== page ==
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Thursday, November 8 • 11:30am - 12:10pm
Librarians are the enemies of scholarship!* Print collection management during a major renovation

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The University of Virginia is preparing for a complete renovation of its main library, an endeavor which has caused no shortage of angst for patrons who are concerned about the accessibility and vitality of the collection during a years-long renewal project. One of the key concerns is the removal of 80% of the books to near-site storage, leaving only 500,000 titles available on central grounds. After all, how can researchers and students in the humanities serendipitously browse collections if most of them are off in storage?

In this session, we will discuss how the University of Virginia is addressing researcher and student concerns to create a vibrant and useful corpus of materials during a time of significant disruption to library collections and services. We will give an overview of our community engagement processes in creating an interim collection, discuss our philosophy of what the interim and post-renovation collections should look like, and provide a deep dive into our quantitative and qualitative metrics informing the selection process for rehousing items during the renovation.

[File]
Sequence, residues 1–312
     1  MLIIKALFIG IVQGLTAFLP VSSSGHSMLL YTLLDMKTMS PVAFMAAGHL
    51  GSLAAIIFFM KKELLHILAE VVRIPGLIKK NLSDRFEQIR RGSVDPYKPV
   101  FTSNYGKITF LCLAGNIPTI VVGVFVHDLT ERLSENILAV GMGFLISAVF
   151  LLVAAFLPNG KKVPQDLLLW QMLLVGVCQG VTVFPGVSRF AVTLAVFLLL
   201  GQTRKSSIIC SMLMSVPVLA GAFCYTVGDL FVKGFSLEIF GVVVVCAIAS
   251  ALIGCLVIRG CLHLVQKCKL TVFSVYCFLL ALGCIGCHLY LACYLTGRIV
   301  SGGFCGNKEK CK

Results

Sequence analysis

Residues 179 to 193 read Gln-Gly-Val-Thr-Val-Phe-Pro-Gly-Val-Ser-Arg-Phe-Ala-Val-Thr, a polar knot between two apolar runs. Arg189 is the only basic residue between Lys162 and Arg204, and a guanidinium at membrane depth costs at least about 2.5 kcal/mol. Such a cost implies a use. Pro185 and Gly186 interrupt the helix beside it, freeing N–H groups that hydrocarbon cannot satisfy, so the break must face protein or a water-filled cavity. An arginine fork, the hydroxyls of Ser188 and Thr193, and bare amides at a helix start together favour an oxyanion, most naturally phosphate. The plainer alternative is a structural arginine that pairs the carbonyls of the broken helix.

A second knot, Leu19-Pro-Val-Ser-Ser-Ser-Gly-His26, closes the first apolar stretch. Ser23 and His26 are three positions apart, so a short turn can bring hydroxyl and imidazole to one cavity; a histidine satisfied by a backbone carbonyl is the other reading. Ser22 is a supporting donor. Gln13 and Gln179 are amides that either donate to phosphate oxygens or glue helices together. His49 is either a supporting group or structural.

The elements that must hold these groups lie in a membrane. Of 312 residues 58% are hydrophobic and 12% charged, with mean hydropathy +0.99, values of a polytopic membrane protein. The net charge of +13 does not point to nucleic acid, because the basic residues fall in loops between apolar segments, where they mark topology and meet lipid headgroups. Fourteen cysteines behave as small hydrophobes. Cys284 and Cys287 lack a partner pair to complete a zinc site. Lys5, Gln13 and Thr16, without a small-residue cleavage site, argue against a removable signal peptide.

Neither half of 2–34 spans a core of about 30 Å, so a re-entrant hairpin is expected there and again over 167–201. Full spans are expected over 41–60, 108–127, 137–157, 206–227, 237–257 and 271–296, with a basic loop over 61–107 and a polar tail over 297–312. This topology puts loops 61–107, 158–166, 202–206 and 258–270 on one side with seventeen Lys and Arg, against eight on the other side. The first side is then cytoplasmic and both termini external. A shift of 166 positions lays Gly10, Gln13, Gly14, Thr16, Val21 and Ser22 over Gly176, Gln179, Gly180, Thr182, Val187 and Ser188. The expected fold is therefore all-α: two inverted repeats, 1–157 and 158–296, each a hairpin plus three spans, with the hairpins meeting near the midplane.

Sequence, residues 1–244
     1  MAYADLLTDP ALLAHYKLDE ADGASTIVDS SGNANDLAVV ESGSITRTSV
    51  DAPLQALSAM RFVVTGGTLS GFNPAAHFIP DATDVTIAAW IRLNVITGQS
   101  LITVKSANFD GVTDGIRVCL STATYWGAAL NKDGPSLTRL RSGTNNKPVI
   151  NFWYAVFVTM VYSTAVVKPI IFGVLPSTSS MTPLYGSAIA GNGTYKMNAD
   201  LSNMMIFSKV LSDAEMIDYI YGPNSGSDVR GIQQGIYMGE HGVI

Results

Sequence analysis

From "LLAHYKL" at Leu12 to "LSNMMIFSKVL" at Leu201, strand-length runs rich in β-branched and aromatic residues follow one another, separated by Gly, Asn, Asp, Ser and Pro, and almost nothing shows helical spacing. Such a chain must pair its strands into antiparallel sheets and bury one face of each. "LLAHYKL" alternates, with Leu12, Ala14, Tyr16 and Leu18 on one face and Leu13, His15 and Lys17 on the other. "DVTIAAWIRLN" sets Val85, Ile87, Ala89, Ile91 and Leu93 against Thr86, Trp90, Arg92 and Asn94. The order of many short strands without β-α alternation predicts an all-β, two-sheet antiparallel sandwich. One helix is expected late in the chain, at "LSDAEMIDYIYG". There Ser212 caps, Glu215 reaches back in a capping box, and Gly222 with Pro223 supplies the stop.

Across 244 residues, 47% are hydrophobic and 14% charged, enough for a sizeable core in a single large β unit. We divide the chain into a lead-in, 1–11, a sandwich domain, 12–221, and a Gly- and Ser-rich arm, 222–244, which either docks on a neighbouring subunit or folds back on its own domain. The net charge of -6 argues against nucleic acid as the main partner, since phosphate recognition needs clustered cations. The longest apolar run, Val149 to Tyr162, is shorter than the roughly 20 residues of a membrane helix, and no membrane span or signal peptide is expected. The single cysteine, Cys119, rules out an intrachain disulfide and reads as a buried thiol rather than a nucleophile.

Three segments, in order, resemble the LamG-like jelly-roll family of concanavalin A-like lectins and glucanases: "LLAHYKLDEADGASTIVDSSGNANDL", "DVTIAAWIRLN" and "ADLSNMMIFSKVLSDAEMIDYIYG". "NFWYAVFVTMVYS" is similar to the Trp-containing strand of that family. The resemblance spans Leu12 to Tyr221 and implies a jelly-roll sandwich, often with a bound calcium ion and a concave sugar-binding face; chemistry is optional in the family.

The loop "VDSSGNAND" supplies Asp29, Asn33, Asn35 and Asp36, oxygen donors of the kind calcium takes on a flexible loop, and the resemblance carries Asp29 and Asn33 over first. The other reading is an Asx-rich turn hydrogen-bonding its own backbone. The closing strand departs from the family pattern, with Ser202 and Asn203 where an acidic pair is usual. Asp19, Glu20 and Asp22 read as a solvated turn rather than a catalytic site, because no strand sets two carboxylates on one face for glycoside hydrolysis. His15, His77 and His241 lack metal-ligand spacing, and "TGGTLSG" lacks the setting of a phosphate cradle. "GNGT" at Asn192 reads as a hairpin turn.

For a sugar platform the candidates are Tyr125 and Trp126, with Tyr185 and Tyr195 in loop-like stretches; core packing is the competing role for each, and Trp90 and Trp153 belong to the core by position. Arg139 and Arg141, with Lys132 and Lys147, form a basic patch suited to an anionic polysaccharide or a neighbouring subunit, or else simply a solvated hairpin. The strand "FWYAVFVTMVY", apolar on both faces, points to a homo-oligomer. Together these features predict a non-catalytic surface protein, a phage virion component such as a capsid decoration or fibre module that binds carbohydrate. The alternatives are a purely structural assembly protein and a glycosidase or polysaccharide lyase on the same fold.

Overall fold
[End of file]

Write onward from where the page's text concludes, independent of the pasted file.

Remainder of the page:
Our intent is to provide session attendees with tools which can be adapted for their individual library infrastructure projects. In addition, we will offer information on our successes and failures so that attendees can learn from our experiences to thoughtfully and proactively engage with their communities around collections issues, help manage rumors, and create a shared vision of a revitalized library for future scholars.

*Yes, that is an actual quote from one of our scholars.


Beth Blanton-Kent

Collections Librarian, University of Virginia Library

Timothy Morton

Manager, Resource Acquisition & Description, University of Virginia Library